So why was this prefab partisanship produced in the first place? Because for the ABC, this is perfect television; it's cheap to produce, it absolves the public broadcaster from having to look any deeper into issues and it spares it the accusations from the trainspotting Hendersons of the world about bias."See, Gerard, we've got two from the red team and two from the blue team".

Occasionally, though, the Q and A mould is broken by the appearance of someone who hasn't been sent over by ideological central casting and who actually manages to say something that cuts through the boilerplate cant - like Craig Reucassel of the Chaser whose impassioned outburst on the morality of using refugees as political pawns had Christopher Pyne pursing his lips and clenching his buttocks even more tightly than normal.

But this is a rare event. And soon, we are back on our laptops, looking for ways to send up the tewwibly  cwoss Gerard or the mincing Christopher or, that harradin of harpiedom, Sophie Mirrabella. Q and A quite simply is a cartoon, a freak show, a pageant of publicity-seeking trolls and opinionators who very rarely have anything of substance to add to our public discourse. The fun is in making fun of it all.

At the peak of the popularity of Punch and Judy in the 19th century, Charles Dickens was asked about what he saw as the source of its appeal:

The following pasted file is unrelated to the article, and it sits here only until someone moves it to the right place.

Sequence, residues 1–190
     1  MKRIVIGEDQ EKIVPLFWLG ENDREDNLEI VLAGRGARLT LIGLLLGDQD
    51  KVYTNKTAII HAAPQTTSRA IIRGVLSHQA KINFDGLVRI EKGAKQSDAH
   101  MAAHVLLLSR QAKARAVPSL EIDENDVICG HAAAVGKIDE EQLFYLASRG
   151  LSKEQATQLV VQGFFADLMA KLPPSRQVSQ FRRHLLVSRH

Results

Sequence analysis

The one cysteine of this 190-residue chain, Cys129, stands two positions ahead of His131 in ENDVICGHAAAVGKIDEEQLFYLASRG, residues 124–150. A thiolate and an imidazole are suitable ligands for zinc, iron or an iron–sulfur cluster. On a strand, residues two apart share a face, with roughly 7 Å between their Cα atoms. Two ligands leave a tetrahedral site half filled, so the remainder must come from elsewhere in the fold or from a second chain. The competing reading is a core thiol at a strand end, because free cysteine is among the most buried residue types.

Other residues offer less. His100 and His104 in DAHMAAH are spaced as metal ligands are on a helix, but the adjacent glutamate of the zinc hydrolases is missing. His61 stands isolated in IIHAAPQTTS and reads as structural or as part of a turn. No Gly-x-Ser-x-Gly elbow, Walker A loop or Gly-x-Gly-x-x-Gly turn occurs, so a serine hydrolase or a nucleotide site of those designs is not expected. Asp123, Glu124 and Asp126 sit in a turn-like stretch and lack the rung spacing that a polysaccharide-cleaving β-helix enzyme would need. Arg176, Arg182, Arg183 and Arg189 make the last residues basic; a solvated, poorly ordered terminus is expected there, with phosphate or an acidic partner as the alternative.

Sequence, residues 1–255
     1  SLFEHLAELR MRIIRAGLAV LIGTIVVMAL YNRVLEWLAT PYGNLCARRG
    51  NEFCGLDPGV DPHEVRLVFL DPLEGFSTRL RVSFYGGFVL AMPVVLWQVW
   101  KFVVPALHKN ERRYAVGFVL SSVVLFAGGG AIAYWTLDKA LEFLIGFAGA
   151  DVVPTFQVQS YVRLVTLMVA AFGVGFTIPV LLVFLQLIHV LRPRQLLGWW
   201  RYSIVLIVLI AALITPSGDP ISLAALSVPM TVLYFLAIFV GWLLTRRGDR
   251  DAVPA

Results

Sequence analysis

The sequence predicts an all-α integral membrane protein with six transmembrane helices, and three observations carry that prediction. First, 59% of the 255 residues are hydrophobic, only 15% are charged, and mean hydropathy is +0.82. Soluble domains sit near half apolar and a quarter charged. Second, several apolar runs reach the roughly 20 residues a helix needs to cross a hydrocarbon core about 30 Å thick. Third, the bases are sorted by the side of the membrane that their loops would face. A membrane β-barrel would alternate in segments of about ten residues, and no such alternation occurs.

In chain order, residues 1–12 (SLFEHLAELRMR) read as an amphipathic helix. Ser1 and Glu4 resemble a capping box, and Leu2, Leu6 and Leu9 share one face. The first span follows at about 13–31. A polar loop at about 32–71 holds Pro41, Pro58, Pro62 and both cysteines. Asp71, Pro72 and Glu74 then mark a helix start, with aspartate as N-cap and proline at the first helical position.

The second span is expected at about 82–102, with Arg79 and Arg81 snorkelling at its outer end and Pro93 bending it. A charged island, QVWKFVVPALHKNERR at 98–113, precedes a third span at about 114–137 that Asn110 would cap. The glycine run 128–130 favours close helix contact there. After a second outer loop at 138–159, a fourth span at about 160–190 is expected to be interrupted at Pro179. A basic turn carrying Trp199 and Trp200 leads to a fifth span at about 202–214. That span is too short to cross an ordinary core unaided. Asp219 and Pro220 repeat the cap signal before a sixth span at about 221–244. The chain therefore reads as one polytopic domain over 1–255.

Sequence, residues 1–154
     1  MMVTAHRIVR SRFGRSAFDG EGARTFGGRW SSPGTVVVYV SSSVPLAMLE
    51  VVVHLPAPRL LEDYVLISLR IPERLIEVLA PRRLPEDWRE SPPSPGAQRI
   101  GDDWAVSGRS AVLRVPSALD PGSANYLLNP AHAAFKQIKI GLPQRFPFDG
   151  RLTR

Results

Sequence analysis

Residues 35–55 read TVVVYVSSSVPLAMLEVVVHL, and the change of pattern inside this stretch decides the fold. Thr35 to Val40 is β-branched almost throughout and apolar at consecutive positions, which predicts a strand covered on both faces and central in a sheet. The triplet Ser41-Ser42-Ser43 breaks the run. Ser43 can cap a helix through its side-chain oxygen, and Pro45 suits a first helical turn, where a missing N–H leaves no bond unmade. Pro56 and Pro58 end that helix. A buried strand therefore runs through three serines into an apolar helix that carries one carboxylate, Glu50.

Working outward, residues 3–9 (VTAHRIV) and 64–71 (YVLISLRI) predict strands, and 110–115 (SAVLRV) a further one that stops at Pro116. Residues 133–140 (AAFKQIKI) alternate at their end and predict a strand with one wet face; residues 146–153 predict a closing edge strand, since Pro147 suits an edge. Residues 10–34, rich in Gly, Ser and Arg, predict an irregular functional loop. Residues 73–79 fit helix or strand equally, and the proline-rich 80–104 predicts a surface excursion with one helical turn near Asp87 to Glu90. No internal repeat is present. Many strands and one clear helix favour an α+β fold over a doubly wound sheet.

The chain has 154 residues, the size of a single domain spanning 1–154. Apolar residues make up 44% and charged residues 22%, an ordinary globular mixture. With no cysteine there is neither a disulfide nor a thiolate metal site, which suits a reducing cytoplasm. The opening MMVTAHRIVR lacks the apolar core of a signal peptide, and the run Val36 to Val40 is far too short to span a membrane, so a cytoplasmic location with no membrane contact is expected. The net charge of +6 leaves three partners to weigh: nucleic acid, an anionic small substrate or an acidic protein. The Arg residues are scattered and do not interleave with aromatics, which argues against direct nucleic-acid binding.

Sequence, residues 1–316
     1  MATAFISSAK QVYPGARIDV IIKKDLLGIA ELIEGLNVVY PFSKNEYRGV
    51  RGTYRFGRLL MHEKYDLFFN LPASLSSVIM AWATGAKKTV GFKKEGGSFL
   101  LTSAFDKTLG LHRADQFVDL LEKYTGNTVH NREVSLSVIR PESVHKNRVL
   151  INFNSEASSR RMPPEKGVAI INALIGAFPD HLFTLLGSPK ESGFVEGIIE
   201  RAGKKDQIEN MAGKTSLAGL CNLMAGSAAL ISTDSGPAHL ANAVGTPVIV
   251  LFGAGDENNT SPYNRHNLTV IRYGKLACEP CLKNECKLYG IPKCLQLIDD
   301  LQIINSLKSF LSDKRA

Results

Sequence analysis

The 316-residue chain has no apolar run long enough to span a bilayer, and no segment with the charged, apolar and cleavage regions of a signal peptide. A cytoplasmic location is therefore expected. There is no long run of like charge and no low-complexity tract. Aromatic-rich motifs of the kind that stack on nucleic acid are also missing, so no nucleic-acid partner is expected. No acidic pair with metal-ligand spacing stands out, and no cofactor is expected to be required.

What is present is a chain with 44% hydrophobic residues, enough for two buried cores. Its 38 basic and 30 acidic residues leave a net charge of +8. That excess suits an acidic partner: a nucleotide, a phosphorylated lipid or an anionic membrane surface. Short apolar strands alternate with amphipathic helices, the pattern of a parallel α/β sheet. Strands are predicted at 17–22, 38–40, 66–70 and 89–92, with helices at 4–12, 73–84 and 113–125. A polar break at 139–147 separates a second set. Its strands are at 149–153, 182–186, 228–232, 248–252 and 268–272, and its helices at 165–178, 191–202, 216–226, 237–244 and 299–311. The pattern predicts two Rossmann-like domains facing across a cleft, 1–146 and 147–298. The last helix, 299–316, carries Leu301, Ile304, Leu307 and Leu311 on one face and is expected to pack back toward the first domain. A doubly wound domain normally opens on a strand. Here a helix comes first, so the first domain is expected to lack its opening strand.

"In my opinion, the street Punch is one of those extravagant reliefs from the realities of life which would lose its hold upon the people if it were made moral and instructive. I regard it as quite harmless in its influence, and as an outrageous joke which no one in existence would think of regarding as an incentive to any kind of action or as a model for any kind of conduct. It is possible, I think, that one secret source of pleasure very generally derived from this performance… is the satisfaction the spectator feels in the circumstances that likenesses of men and women can be so knocked about without any pain or suffering... "

Think about that quote when the ABC ringmasters bring the circus back to town this week.

See also Larvatus Prodeo: 'Four Propositions About Q and A'